10. It was emphatic that the case of Francis Karioko Muruatetu & Another vs Republic (Supra) was not applicable to capital offences other than murder, such as treason under Section 40 (3), robbery with violence under Section 296 (2) and attempted robbery with violence under Section 297 (2) of the Penal Code. It pointed out that the petitioners in the case of Francis Karioko Muruatetu & Another vs Republic (Supra) had approached the court for specific reliefs. It clarified that with regard to the mandatory death sentence in capital offences other than murder, such as treason under Section 40 (3), robbery with violence under Section 296 (2) and attempted robbery with violence under Section 297 (2) of the Penal Code and directed that a challenge on the constitutional validity of the mandatory death penalty be heard and determined in the High Court and then by the Court of Appeal, if necessary, whereafter a similar outcome as that the case of Francis Karioko Muruatetu & Another vs Republic (Supra) may be reached.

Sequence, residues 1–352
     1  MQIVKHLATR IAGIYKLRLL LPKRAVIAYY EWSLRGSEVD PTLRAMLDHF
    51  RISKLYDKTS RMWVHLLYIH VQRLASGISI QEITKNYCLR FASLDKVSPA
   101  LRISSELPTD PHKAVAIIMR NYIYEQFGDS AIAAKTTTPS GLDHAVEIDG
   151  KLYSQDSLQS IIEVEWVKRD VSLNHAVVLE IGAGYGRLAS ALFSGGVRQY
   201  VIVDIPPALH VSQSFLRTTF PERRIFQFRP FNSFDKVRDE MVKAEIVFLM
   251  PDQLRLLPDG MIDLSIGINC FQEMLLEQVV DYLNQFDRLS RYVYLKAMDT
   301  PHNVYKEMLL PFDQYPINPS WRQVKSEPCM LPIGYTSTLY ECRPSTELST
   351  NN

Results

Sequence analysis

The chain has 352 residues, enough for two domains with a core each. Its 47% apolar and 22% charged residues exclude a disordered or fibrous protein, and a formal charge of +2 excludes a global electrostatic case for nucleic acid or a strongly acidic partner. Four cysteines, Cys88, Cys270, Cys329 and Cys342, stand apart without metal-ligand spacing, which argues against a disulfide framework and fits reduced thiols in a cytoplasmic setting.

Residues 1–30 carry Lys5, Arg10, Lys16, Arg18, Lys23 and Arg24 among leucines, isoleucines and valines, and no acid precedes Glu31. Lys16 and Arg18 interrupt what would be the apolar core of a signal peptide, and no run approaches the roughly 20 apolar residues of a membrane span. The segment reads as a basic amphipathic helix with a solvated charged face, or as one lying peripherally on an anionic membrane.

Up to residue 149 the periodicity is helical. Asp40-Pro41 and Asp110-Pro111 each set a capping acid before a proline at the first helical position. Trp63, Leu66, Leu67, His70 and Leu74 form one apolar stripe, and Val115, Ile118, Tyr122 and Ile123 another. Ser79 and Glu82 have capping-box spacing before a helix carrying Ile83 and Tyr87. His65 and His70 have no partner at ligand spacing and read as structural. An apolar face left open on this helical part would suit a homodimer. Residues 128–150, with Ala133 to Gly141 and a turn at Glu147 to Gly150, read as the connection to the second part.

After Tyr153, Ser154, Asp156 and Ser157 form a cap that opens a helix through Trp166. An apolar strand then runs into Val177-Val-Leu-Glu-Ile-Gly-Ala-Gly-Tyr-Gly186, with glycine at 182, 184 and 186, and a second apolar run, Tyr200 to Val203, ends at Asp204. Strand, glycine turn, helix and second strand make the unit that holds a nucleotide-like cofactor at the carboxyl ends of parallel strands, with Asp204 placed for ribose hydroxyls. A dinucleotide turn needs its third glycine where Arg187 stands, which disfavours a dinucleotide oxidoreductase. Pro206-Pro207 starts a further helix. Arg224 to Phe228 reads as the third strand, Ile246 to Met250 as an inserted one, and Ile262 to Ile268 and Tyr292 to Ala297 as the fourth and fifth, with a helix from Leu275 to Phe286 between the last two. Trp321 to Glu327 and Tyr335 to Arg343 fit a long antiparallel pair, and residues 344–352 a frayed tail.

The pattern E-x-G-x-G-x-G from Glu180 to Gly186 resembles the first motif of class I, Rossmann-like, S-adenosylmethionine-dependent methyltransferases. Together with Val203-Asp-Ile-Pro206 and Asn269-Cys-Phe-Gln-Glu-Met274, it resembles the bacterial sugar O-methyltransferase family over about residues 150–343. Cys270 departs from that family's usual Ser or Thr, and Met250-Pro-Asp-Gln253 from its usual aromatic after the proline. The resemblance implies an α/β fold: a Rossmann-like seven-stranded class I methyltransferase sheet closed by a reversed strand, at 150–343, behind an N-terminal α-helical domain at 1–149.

11. Notably, the fact that the Petitioner was remorseful and had undergone various rehabilitation programs could not assist him for the reason that he had been charged and convicted of the offence of defilement and not murder. As the Supreme Court decreed in its guidelines on 6th July 2021, the case of Francis Karioko Muruatetu & Another vs Republic (Supra) was inapplicable herein, his prayer that the court reviews his sentence thus fell by the wayside.
12. For the foregoing reasons, the upshot of this court’s decision was that the Petitioner’s Petition for review of sentence that was lodged on 20th August 2020 was not merited and the same be and is hereby dismissed.
13. In the event the Petitioner spent any time in custody during the hearing of his case, that time so spent shall be taken into consideration when computing the length of the sentence he is to serve as provided in Section 333(2) of Criminal Procedure Code.
14. It is so ordered.
DATED AND DELIVERED AT KISUMU THIS 16TH DAY OF DECEMBER 2021